On Tuesday, Missouri voters passed Proposition 2, legalizing medical marijuana. Two other competing propositions were defeated. Missouri is arriving rather late to this party, most other states have already passed similar measures.
I first encountered medical marijuana in 2011, when our LAX flight was delayed and we had a few hours to kill. We headed over to Venice Beach, which at that hour was still rather dead. Strolling the promenade there, we encountered a young man, dressed in surgical scrubs, with a stethoscope draped around his neck. His attempt to look like a medical professional was belied by the large placard that he held. He was selling marijuana evaluations for $40. A couple of businessmen playing tourists were interacting with him. They were trying to ensure that their $40 would result in some pot, but under the strictures of the law, the young man could not offer any promises. We moved on before they reached any resolution.
Last summer, we stayed in Butte, Montana. This once prosperous mining town showed numerous signs of economic distress. Getting lost on our way “uptown” for dinner, we encountered roads badly in need of repair, a derelict city center, with many storefronts closed and the seemingly only open establishments being pawn shops and payday loan outfits. Joining these other businesses were a host of medical marijuana dispensaries that were scheduled to open the next month.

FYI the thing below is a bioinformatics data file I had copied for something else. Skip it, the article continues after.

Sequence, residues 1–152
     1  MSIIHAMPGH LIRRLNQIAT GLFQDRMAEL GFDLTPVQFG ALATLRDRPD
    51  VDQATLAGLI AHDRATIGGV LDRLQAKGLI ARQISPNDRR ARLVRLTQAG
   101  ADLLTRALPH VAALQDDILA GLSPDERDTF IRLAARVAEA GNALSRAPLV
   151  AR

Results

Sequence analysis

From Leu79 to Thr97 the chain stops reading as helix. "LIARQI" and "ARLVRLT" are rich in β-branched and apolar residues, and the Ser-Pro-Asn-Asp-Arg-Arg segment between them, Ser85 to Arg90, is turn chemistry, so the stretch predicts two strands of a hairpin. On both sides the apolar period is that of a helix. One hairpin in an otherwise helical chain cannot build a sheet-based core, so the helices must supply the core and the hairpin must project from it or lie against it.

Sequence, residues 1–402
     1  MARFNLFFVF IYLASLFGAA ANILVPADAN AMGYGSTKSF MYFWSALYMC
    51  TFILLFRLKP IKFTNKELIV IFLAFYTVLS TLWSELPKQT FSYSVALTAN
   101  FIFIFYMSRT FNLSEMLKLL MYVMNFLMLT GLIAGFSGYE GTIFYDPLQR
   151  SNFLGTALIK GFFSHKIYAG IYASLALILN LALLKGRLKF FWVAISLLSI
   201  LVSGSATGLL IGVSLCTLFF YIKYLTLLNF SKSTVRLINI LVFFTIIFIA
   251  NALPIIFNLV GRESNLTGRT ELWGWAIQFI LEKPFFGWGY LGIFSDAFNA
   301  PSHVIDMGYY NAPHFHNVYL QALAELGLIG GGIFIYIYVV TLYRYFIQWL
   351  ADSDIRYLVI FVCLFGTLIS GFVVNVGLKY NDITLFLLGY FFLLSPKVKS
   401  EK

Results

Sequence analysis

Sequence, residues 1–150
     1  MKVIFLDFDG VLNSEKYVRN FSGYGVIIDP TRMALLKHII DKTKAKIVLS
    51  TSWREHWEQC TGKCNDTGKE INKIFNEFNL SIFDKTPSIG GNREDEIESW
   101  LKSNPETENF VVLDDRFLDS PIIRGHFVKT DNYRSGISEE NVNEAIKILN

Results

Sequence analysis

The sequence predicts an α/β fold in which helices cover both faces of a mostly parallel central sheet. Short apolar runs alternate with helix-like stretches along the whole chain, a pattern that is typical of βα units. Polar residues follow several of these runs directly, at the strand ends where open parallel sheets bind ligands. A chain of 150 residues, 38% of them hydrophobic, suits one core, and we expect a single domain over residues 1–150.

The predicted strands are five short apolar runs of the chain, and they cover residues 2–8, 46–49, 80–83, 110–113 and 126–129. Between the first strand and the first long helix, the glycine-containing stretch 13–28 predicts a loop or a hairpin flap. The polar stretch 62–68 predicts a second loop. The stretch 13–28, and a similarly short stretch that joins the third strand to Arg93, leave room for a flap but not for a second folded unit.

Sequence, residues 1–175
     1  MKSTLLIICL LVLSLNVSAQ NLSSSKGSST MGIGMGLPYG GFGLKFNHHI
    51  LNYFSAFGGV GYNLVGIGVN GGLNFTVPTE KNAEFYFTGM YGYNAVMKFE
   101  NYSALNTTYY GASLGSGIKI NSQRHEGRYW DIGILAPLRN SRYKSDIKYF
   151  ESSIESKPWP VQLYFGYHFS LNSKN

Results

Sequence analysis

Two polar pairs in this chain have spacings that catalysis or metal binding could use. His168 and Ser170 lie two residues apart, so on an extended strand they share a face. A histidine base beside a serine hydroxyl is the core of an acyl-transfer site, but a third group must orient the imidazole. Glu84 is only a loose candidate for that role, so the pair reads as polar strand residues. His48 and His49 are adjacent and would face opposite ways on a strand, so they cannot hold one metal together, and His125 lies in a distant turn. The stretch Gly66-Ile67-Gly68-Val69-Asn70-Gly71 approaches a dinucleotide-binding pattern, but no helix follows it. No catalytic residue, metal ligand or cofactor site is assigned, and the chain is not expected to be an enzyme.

Neither of these two state’s experiences with medicinal weed bode all that well for Missouri’s. That is because medical marijuana is the proverbial camel’s nose under the tent. People use and abuse these systems to get high. These laws only saving grace is that they help expedite the legalization of recreational marijuana and an end to all of the phoniness surrounding medical marijuana.
My only other regret about Prop 2 is that Chief Wana Dubie did not live to see its passage. Born Joseph Bickelle, he died last year at the age of 58. This colorful advocate of pot most famously contested Roy Blunt (R) for his US Senate seat in 2016. Maybe medical marijuana would have saved him.
My cell rings, “Hey Dave, how’s it going?”
He answers, “Not so good.”
“What happened?”, I asked.
“I’m in California. Going to a wedding. Travis and I stopped at an In-and-Out burger and when we came out, the rent-a-car had been broken into, a window smashed and Travis’ bag stolen.”
“Dad, can you get me my insurance information?”
“Sure, where are you?”
“Someplace north of San Francisco, we’re going to Napa for the wedding.”
“OK, I’ll call the insurance company and then call you back.”
“The police are here now, so text me. Bye.”
So, I got on the horn and called the insurance company. After wading through its automated call tree, [I can’t believe that I ever made those things.] I got a live human being. I explained the situation, including that Dave was no longer on my policy. They made him get his own policy, when he moved to Boston. I set it up for him, including opening a joint checking account with them to pay for the insurance and get a lower rate. The only thing is that there has never been any activity on this account. So, it was with some trepidation that I asked the operator, if everything was alright with the account. “Is it paid up?”, I asked, “I’m his dad, I’ve got to ask.” The operator giggled and said everything was in order. Account info in hand, I thanked her and texted it to Dave, who was now speaking with the rent-a-car company. I guess that he can take care of himself.